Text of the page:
Every year, a group of experts in nuclear, climate, and technology fields gather to determine the position of the Doomsday Clock. The Doomsday Clock, presented by the Bulletin of the Atomic Scientists, is a symbolic representation of humanity’s proximity to catastrophe. It measures the collective danger we face in minutes and seconds to midnight, with the goal of avoiding the strike of 12.
In 2023, the expert group moved the clock closest it has ever been to midnight, at 90 seconds. On January 23, 2024, the Doomsday Clock was unveiled again, revealing that the hands remain in the same precarious position.
While no change may bring relief, it also highlights the ongoing risk of catastrophe. The question is, how close are we to catastrophe and why?
The creation of the atomic bomb in 1945 marked a new era where humanity had the power to destroy itself. In response to this threat, Albert Einstein and other scientists established the Bulletin of the Atomic Scientists to communicate the dangers of the nuclear age to the public. Two years later, the Bulletin published its first magazine featuring a clock on the cover, with the minute hand just seven minutes from midnight.
Since then, the clock has been adjusted 25 times in response to military buildups, technological advancements, and geopolitical dynamics during the Cold War. Even after the collapse of the Soviet Union, nuclear risk did not diminish. Additionally, new threats such as climate change, biological threats, and advances in artificial intelligence (AI) have emerged.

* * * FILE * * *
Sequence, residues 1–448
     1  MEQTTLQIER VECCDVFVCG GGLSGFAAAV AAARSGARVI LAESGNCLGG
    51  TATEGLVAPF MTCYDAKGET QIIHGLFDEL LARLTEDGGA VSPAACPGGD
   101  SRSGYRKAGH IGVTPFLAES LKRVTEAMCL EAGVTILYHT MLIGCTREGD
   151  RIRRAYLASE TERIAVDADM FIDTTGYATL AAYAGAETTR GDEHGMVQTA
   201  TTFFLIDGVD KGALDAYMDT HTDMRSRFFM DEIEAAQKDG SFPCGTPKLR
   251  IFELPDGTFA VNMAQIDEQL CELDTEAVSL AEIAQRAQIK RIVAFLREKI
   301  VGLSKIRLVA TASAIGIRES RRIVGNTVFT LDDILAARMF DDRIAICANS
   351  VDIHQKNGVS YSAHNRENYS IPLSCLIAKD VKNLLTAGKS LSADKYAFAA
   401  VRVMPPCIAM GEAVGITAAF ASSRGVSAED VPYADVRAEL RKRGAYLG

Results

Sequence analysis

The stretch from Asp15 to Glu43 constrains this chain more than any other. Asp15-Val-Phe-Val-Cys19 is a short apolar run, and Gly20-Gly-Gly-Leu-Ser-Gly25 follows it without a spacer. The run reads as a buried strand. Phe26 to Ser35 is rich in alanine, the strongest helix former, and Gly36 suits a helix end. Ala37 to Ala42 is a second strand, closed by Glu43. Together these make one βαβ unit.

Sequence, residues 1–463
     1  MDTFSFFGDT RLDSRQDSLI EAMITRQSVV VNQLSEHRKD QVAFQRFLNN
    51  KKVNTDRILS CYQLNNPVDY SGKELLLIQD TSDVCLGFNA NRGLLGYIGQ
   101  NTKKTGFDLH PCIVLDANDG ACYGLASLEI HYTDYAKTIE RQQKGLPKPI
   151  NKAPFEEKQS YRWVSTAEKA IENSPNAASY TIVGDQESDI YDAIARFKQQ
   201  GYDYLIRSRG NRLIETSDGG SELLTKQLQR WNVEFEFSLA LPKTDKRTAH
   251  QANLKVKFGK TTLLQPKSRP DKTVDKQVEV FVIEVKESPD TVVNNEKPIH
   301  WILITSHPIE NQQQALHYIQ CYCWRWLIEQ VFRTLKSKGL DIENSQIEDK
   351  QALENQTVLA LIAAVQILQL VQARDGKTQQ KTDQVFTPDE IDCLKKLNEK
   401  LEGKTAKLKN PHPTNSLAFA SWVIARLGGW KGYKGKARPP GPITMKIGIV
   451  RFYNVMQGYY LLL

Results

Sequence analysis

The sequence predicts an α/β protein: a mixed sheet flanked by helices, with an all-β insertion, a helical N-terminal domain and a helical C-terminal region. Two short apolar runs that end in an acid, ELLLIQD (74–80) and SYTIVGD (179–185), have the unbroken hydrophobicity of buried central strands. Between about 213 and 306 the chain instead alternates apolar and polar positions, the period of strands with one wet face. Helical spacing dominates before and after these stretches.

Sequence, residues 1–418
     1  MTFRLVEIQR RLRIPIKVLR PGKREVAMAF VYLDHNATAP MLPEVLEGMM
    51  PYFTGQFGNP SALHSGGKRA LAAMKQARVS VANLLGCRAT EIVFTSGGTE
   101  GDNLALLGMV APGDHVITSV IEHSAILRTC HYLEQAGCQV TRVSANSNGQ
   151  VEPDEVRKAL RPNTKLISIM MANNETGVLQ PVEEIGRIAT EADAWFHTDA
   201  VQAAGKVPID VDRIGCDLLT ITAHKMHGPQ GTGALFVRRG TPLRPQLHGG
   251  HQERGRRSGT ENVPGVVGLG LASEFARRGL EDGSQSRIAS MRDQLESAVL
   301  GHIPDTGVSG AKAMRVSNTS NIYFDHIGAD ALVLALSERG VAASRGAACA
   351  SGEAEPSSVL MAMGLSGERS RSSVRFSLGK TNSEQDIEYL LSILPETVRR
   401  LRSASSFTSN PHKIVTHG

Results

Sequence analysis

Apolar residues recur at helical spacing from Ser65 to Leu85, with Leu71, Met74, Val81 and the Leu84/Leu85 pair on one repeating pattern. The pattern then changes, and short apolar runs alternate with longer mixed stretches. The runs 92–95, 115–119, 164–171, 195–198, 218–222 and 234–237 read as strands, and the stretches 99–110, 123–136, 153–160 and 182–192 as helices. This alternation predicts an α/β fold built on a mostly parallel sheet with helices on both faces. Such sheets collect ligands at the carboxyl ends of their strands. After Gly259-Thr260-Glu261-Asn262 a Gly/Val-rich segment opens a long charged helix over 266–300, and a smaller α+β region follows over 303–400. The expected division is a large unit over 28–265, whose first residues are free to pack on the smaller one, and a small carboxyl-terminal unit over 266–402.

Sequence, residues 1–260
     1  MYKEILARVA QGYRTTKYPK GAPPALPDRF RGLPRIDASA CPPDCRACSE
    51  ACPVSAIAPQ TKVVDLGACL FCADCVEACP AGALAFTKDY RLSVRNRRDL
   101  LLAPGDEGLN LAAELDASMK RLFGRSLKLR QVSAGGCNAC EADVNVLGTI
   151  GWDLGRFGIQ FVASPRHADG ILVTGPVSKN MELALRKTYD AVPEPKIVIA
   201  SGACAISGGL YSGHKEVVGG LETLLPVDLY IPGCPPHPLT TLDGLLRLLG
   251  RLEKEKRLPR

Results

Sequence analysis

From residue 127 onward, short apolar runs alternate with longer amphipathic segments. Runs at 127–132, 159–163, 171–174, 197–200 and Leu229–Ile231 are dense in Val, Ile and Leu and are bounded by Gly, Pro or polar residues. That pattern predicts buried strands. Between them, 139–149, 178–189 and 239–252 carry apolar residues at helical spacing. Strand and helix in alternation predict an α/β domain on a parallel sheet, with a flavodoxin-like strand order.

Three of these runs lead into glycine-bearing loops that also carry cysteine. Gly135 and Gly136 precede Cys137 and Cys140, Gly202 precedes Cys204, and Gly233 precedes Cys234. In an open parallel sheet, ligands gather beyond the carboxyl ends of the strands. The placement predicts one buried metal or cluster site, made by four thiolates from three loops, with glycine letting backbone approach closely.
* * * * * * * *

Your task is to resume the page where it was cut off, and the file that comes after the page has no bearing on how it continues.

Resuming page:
The latest setting of the Doomsday Clock at 90 seconds to midnight reflects four key sources of risk: nuclear weapons, climate change, biological threats, and AI advancements. Ongoing conflicts involving nuclear-weapon states, the worsening impacts of climate change, the global impacts of biological threats like COVID-19, and the potential risks associated with AI all contribute to the precarious state of the world.
Critics argue that the Doomsday Clock is subjective and imprecise, lacking a quantitative or transparent methodology. However, the clock serves as a metaphor and symbol rather than a risk assessment. It captures the sense of urgency and draws attention to the complex and overwhelming global catastrophic threats we face.
While there are better ways to assess risk, such as national risk assessments conducted by governments or reports like the World Economic Forum’s Global Risk Report, the Doomsday Clock should inspire these efforts rather than replace them. It serves as a powerful image that encourages understanding and assessment of the greatest threats humanity faces.